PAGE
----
point_budget = 3500000,
                 camera_location = 8,
                 camera_zoom = [1, 1, 2],
                 camera_up = 50, 
                 move_speed = 8,
                 point_type = 'fixed_world_size')


The following parameters can be set for a point cloud visualization:

  • camera_location is the location of the arcRotateCamera in relation to the centre of the point cloud. 1: south, 2: south-east, 3: east, 4: north-east, 5: north, 6: north-west, 7: west, 8: south-west and 9: looking down from above the centre of the point cloud
  • camera_up is the height of the initial location of the freeCamera
  • camera_zoom scales the camera position relative to the centre of the point cloud with [1,1,1] being in the default position and [2,2,2] is then twice a far away from the centre in the X, Y and Z direction
  • color_scheme is the initial background color: dark (default), light or blue
  • data is the dictionary with the point cloud data when source = dict. This dictionary needs to contain values for the location X, Y and Z and the RGB color for each point Red, Green and Blue
  • height is the height of the display window in pixels
  • point_size is the size of the points
  • point_type is the interactive point size type
    • fixed_screen_size (default): each point has a constant size in pixels regardless of its distance to the camera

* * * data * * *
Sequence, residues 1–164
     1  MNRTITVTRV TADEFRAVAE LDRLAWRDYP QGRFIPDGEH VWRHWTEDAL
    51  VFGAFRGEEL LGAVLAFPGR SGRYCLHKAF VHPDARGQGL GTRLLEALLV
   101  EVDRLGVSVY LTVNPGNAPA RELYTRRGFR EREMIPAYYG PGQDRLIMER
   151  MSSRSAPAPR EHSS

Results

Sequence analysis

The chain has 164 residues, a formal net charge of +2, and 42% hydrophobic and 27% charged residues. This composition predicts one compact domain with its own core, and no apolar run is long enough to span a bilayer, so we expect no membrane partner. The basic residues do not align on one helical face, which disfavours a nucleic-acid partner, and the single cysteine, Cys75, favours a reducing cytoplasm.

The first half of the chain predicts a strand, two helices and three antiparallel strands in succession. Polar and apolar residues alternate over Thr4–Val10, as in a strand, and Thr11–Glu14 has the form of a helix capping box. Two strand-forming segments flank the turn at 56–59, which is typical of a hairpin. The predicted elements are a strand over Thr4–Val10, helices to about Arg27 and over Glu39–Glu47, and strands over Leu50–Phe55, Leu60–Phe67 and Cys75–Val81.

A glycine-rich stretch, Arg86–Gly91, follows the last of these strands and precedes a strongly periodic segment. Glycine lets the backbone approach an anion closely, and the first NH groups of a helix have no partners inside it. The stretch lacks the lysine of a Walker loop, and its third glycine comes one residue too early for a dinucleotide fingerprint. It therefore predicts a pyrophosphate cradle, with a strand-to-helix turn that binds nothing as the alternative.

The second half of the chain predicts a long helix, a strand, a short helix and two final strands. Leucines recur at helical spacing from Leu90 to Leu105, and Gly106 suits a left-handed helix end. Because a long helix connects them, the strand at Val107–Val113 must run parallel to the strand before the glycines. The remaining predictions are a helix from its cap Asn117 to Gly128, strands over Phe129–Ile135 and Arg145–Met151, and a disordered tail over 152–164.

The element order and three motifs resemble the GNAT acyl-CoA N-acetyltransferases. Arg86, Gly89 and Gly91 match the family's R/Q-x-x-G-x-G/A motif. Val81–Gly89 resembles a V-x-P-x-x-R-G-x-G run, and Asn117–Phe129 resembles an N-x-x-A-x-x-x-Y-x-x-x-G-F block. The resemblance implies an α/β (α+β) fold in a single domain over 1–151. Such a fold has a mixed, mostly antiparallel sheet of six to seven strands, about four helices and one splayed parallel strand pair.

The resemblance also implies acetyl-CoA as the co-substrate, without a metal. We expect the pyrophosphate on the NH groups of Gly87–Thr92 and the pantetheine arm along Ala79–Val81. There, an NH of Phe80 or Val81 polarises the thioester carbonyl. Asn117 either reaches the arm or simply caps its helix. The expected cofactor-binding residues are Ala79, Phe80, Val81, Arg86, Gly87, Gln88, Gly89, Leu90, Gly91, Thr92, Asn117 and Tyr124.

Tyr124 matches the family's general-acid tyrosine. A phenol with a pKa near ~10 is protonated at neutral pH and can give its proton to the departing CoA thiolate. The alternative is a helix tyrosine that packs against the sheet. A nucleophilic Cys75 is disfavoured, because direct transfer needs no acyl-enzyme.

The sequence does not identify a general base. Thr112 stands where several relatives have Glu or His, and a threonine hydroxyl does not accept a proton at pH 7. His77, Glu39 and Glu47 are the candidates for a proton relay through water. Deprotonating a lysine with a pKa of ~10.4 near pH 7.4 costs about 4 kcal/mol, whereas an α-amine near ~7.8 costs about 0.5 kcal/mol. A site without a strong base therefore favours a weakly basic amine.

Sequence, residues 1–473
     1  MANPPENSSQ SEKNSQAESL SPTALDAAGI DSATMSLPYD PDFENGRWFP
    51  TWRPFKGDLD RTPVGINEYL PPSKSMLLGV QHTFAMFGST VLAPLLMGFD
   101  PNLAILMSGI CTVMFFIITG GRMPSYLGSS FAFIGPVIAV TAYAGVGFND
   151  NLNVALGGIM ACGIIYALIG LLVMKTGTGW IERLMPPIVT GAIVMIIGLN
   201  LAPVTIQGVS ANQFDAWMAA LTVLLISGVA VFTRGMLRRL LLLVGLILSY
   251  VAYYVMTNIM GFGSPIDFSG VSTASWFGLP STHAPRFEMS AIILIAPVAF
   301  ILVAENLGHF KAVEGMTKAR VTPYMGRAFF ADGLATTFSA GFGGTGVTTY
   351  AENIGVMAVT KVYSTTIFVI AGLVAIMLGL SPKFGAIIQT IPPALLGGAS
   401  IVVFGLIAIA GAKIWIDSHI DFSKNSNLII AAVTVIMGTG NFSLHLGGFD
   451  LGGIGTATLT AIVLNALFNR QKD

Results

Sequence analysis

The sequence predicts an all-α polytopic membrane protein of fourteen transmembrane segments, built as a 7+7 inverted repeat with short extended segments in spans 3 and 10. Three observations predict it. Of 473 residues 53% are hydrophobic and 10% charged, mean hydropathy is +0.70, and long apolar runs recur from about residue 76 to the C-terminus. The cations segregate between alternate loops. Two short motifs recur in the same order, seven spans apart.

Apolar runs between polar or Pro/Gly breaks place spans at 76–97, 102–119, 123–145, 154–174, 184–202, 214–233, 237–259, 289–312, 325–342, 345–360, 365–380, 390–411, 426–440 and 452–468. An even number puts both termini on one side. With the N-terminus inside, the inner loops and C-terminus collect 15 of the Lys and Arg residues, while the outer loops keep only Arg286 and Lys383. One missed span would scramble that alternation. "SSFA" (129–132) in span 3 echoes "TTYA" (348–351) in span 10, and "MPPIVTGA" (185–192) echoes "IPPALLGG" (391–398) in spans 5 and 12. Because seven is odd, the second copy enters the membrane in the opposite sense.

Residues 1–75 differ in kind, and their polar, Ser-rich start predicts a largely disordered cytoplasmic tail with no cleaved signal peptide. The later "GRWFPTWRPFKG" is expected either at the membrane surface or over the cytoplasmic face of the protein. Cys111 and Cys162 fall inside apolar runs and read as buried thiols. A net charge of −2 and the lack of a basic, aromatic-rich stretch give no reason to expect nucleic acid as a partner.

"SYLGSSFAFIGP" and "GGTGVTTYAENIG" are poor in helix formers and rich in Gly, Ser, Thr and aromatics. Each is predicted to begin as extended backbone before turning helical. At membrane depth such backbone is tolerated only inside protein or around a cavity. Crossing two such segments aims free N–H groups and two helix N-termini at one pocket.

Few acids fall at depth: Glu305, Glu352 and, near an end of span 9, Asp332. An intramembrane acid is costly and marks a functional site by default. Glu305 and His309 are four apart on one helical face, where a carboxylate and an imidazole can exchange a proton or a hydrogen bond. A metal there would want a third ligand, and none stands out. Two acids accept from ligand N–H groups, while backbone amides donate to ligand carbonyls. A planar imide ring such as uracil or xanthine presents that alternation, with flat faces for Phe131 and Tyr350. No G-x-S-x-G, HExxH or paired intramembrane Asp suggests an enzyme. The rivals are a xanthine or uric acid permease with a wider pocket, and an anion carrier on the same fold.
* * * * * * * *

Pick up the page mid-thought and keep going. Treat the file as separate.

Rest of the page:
• fixed_world_space: each point has a constant size in world space. This value should be set accordingly to the spacing of the points in world space
    • adaptive_world_space: the same as fixed_world_space for the below example. But when streaming point cloud data, the point size depends on the locally loaded LODs at each point. The point density across all blocks of the same LOD should be the same and the point density should double at each LOD
  • source is the data source (cloud (default), local or dict)
  • use_sps=True displays the points as 3D blocks using a Solid Particle System
  • use_shader=True adds the EDL shading
  • edl_strength is the strenght of the shader
  • wheel_precision gives control over how fast to zoom with the mouse wheel
  • width is the width of the display window in pixels

Navigating the point cloud

There are two different cameras available to navigate the point cloud, the arcRotateCamera and freeCamera. Toggle between them with c. The initial camera is always the arcRotateCamera


  • Zoom in and out with the scroll wheel
  • Rotate by dragging the mouse with left button down
  • The parameter wheel_precision gives control over how fast to zoom with the mouse wheel
  • The camera location and distance from the centre of the points can be changed with camera_location and camera_zoom
  • Rotate through the camera_locations with v
  • Change the background color between dark and light with b


  • Move forward: w or up
  • Move backward: s or down
  • Move up: e
  • Move down: q
  • Move to the left: a or left
  • Move to the right: d or right
  • Rotate by dragging the mouse with left button down
  • The initial camera position is the centre of the point cloud, the height of the location can be changed with the parameter camera_up
  • The camera speed can be changed with the parameter move_speed
  • Change the background color between dark and light with b